Grabbing a raincoat, I find a moth and ask:

What do you do here in my closet,

what of your light–

to which he says: At the end of each night,

my light goes into my soul, what of

yours? The day is then

the weather’s blue colors, mirrors and rain,

that almost white where a thick darkness

blurs with a thick light.

Standing there, I see myself almost a man,

almost a moth, pieces of

a remembered face

brought up, overlapping, as if the changing face

were on old film, and that old film

played across moth wings

holding their position. Almost myself

frame by frame and without sound,

imposed on dust

for an audience. Almost my face holding

still, and face turning away. Face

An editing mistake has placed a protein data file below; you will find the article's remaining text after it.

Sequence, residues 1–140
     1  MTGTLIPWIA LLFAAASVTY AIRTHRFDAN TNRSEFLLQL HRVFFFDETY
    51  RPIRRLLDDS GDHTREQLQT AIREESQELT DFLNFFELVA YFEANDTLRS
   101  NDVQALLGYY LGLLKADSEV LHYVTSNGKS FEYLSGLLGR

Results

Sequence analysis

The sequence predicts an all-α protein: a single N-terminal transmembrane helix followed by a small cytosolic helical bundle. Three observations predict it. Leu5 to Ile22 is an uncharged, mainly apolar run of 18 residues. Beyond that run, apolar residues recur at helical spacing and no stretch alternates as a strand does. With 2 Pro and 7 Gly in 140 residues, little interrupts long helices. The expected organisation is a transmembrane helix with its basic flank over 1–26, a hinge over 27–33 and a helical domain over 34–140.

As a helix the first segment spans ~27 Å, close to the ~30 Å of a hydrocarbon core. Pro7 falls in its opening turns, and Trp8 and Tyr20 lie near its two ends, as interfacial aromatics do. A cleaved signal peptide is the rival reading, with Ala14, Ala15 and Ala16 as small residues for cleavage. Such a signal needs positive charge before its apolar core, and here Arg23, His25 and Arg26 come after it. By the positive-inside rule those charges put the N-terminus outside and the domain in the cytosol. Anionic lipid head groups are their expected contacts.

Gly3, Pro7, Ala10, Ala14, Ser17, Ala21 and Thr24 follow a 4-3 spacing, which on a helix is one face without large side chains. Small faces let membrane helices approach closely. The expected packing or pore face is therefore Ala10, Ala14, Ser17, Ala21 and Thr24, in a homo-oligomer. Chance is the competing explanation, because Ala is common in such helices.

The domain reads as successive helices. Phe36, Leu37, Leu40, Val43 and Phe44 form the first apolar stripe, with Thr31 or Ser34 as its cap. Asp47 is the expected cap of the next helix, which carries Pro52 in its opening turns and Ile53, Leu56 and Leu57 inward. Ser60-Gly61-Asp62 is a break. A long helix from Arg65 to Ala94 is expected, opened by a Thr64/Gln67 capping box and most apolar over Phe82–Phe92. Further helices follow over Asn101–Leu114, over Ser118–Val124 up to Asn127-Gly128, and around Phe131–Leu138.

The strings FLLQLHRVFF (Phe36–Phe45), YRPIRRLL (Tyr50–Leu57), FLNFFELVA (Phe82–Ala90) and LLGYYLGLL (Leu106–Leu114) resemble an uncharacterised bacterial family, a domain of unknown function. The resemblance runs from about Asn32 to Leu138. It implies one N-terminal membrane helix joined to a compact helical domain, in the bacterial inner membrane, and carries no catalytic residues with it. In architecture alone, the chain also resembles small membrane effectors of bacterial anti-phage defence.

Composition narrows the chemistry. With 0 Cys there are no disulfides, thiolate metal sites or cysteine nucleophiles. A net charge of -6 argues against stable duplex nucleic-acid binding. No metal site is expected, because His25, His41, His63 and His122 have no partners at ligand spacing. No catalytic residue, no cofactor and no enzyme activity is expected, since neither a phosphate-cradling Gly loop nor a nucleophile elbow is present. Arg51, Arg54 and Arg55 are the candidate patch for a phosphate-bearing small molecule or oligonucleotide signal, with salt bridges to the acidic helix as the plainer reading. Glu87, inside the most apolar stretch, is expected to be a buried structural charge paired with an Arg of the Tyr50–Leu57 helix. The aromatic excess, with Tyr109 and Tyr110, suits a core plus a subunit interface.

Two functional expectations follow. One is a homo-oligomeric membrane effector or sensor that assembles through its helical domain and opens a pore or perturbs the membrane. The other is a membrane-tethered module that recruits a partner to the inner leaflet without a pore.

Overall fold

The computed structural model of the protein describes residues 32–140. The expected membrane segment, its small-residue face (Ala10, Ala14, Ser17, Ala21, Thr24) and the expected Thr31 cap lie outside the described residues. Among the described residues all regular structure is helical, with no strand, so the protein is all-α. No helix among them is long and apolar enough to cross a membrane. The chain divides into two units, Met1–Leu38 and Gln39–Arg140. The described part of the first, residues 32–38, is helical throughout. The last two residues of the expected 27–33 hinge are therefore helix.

of wing-wilt and wend.

Grabbing a raincoat, I found a moth and asked

myself about light, and myself answered

light; a moth

throbbed at having been found. When

my words had flickered aloud, the moth,

too, flickered,

an unknown face caught cringing, unfolding

face laughing, face

forgetting its name.

José Angel Araguz

José Angel Araguz is a CantoMundo fellow and winner of RHINO Poetry’s 2015 Editor’s Prize. He is pursuing a PhD in Creative Writing and Literature at the University of Cincinnati. Author of the collection, Everything We Think We Hear, he runs the poetry blog The Friday Influence: https://thefridayinfluence.wordpress.com/

Contributions by José Angel Araguz